The foghorn moans through the white sky.
The land is grey, of pebble-dash, and is saturated and sad. Both man and a dog scamper over cliff top before the fall, and there unseen at the base of a cliff lies the cagoule, his face placed in the stones. The dog barks, mad, bad, back and forth he climbs the cliff face, chases obscene scent of nothing, chases his tail.
‘Over here, good boy,’ I cry from my window ledge, yet the fog occludes [hew] my face of companionship, and of rescue. Fog shall clear, when I will call the RSPCA, perhaps they might send a helicopter?
Even my view out of the window has consequences. I didn’t ask for this drama. Probably he has family?
My coastal dwelling.
‘There’s a dead man on the beach,’ I say in our kitchen, distant from the habitat of lounge.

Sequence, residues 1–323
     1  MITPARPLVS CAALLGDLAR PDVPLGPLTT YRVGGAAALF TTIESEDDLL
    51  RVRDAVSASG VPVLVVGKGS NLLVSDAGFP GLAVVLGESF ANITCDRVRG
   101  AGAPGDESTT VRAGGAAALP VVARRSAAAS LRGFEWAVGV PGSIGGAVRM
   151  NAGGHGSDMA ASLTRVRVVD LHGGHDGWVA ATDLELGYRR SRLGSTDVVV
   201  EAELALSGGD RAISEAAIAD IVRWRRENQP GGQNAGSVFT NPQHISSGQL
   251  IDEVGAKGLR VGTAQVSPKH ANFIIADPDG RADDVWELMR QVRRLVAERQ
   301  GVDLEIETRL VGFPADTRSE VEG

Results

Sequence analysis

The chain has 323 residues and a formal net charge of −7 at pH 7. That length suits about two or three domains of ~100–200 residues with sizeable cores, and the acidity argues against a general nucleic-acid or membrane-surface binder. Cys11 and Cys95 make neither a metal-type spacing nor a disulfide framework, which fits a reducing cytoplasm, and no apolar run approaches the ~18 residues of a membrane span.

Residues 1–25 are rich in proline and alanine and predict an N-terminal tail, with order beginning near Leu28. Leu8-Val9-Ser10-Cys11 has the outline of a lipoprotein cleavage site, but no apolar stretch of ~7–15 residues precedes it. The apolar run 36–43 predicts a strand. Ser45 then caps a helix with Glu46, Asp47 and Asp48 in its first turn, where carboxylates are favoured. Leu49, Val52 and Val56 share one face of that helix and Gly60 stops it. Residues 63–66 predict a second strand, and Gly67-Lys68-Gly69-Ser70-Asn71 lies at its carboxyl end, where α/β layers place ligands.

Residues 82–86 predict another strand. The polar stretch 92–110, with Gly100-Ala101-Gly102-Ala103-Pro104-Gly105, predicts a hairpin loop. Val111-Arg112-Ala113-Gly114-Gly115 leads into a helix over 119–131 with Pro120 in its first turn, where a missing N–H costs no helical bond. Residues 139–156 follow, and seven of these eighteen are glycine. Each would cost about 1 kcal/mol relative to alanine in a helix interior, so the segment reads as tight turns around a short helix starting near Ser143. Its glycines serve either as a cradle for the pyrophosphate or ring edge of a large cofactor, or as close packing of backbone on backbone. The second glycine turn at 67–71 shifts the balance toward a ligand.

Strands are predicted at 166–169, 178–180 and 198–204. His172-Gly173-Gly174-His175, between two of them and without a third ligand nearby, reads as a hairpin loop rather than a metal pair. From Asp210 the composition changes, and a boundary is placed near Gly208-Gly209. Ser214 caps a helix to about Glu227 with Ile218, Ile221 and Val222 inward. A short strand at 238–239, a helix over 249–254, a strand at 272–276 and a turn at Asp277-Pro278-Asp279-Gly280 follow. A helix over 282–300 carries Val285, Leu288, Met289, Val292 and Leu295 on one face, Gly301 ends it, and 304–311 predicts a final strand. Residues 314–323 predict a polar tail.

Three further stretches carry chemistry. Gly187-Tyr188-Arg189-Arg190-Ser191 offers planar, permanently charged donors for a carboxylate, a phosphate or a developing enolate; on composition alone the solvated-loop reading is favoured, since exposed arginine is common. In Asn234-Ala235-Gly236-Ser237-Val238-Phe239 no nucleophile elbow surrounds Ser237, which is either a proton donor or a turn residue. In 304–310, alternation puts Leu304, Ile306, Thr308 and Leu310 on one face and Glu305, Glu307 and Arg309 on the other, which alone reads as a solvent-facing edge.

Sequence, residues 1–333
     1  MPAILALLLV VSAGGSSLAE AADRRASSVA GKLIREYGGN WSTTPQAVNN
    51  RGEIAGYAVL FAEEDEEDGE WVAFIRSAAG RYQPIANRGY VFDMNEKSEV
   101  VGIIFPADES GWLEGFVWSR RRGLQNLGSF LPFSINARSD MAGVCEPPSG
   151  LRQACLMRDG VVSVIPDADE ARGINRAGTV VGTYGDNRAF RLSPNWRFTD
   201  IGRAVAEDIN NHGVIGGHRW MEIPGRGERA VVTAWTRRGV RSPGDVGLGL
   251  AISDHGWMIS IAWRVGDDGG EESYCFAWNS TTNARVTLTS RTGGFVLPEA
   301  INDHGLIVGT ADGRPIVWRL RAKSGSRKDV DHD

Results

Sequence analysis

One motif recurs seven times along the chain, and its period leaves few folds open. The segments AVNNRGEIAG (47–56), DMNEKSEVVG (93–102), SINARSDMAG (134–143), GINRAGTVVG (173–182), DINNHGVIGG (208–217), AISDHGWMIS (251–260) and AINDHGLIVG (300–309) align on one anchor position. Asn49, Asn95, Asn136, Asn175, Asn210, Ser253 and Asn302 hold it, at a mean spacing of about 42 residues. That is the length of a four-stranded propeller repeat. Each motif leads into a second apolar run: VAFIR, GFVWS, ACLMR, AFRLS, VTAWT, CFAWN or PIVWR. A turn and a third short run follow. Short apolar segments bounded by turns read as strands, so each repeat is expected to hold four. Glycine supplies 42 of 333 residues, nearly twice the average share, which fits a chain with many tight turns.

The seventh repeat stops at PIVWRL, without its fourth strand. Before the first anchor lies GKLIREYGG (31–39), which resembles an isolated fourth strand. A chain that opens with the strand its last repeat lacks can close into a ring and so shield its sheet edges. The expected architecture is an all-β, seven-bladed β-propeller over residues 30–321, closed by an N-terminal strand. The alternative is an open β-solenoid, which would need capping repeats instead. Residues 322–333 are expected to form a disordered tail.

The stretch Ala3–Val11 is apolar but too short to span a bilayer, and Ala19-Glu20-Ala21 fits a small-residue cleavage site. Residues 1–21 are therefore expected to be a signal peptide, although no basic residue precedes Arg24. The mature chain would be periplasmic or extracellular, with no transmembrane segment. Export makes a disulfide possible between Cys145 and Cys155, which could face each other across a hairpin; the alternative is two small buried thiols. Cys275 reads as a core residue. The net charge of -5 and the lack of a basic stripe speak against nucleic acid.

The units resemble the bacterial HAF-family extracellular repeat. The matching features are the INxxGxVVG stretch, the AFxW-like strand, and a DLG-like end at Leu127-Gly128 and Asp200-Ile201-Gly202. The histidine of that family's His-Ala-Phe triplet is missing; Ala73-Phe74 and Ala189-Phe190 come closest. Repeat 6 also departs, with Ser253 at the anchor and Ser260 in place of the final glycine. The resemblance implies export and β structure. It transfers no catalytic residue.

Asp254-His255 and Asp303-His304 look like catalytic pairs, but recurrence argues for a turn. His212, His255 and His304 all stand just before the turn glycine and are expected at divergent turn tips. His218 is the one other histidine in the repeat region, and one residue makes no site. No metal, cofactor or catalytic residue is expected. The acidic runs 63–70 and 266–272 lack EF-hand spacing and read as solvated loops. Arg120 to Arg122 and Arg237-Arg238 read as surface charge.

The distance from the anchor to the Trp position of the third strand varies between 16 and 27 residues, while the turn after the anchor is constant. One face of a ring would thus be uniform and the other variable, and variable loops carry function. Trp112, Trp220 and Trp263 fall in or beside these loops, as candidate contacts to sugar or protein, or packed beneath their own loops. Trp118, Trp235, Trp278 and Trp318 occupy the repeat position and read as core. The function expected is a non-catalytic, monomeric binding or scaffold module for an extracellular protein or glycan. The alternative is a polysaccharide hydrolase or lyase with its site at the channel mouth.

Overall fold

‘Really, how awful,’ says my wife. ‘Have you had your poo this morning, only I want to go myself?’
‘Everything is so depressing,’ I say.
‘Well , you shouldn’t eat so much.’
‘At least he was a dog walker.’
‘And not one of those swimmers. I hate ocean swimmers. I don’t mean swimmers, I mean modern swimmers: wholesome types dipping daily with the hat, they make me itch.’
‘I do too,’ she says, ‘in fact, I hate people who stretch limbs in any activity.’
‘Brilliant,’ I say, ‘would you like a cup of tea?’
‘No,’ she replies, ‘you made it.’
‘Thanks Babe. Look I’m going out, see if that dead chap shares my shoe size.’
‘Bye bye Lovely.’